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Speakers: Ben Armstrong, Jose Barreto, Rob Hindman
Primary focus of the session is upgrading from from (Windows Server 2012) WS2012 Hyper-V to (Windows Server) WS2012 R2 Hyper-V. There are scale requirements.
Advice: deploy new designs with upgrades in mind – faster release cadence from Microsoft.
- System Management: System Center on Hyper-V
- Compute: Hyper-V
- Storage: Scale-Out File Server on block storage or Storage Spaces
Upgrade System Center First
It will manage the existing cloud/hosts and enable upgrades.
Question: will users notice if a given SysCtr component is offline for a brief period of time.
http://technet.microsoft.com/en-us/library/jj628203.aspx …. should be updated with WS2012 R2 upgrades. Remember to turn on OpsMgr maintenance mode during upgrades!!!
- Ensure that SCVMM is configured with a seperate (preferably external) database server
- Uninstall SCVMM 2012 SP1 – leave library/libraries and SCVMM database in place
- Install SCVMM 2012 R2, and connect to existing database.
Your outage time is minutes. Deploy SCVMM in a VM. And deploy SCMM as a HA cluster (pretty sensible in a true cloud where SCVMM is critical to self-service, etc).
Up comes Jose Barreto …
You could do Compute upgrade next but ….
- Storage migration
- Copy Cluster Roles Wizard
- Upgrade in place
- PowerShell scripting
Options for storage upgrade
Extra hardware. No down time: (easiest) migrate storage. (2nd fave) Limited downtime: copy cluster role.
Limited extra hardware: No downtime: (4th fave) Migrate pools. (3rd fave) Limited downtime: upgrade in place.
Option 1 – Migrate Storage
- Setup new 2012 R2 storage cluster
- Configure access to new cluster
- Storage migrate every VM (Live Storage Migration to new storage platform)
Easy and zero downtime. Easy to automate. Network intensive. Needs new storage platform.
Option 2 – Copy Cluster Roles
Some downtime, but very quick.
- Setup new 2012 R2 storage cluster. Connect new cluster to existing storage.
- Copy cluster roles.
- Downtime begins: Offline roles on old cluster. Online roles on new cluster
- Down time end.
Limited downtime. No data moved on the network. Limited additional h/w. Good for impatient admins.
3 – Upgrade in place
1 – Prepare
- HA degraded
- Evict a node from clsutger
- Upgrade/clean install evicted node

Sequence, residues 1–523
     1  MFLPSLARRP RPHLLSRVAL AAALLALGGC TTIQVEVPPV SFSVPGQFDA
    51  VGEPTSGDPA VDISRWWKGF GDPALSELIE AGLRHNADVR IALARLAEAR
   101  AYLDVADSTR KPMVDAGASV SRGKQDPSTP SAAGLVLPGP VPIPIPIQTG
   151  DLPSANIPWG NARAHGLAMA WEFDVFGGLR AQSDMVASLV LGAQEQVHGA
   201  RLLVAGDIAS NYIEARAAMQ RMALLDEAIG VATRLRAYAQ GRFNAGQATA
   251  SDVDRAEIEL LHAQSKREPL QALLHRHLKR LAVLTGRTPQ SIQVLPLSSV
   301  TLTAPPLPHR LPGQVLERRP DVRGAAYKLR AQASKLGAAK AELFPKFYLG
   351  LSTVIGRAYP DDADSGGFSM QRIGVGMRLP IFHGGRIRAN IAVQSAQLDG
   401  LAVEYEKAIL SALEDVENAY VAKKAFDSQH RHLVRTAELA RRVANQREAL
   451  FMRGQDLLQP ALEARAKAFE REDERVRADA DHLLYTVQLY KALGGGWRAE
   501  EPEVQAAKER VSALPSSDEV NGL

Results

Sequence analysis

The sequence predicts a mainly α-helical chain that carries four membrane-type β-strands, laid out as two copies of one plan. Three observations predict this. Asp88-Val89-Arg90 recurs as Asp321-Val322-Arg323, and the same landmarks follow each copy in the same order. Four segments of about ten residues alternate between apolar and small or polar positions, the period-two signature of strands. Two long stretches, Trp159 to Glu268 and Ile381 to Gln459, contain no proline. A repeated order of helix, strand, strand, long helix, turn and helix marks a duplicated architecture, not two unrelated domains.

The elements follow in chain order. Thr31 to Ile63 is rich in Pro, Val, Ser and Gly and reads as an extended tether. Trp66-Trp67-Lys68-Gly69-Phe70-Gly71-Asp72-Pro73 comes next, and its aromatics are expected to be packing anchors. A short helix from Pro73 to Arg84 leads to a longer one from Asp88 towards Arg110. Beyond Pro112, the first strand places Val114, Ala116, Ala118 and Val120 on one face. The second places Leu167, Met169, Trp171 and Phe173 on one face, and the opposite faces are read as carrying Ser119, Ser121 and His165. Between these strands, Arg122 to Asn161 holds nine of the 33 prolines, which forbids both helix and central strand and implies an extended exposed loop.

- Create new cluster with evicted node
2 – Migrate …. do the previous Cluster Role Copy process.
3 – Rebuild the last remaining node in old cluster and join the domain.
You lose HA for a time. You could buy 1 extra server if that’s an issue and recycle 1 old server when the process completes.
4 – Move Pools
No downtime. Moves data over the network. Limited additional hardware.
1 – Split cluster
- Evict node(s) on old cluster – if you have 4 nodes then you can evict 2 nodes and keep HA.
- Upgrade evicted nodes to new version
- Forma site-by-side cluster with shared access to the storage
2 – Migrate storage
- Evacuate a pool of VMs using storage live migration
- Evict pool from old cluster
- Add pool to new cluster
- Use storage live migration to move VMs to pool on new storage cluster
- Repeat until complete
You need extra storage capacity to do this … you are moving VM files from pre-evicted pool to other pools in the older cluster, before moving them back to the pool in the new cluster.
Also have 1 pool (minimum) per node member in the storage cluster.
3 – Finalize
- Destroy the old cluster
- Rebuild idle nodes and join to new cluster
Why have 3 or 4 nodes …. you provide some cushion for upgrade/migration scenarios.
Note: you can use VMM for any LMs or storage LMs.
Back to Ben for the compute upgrade.
Cross-Version Live Migration
Provides simple zero-downtime way to move a VM across to a new platform.
You can use one of many methods to get a new WS2012 R2 cluster … evict/rebuild, brand new, etc. Then you can do a Cross-Version Live Migration.
In the demo, Ben fires up the VMM 2012 R2 console (he can also do this using the built-in Server admin tools, e.g. Hyper-V Manager). VMM is managing the WS2012 hosts and the WS2012 R2 hosts. He can do a LM of the VM from the old hosts to the new hosts. Here’s the benefit of upgrading System Center first. It can manage the new platform and leverage the new WS2012 R2 features.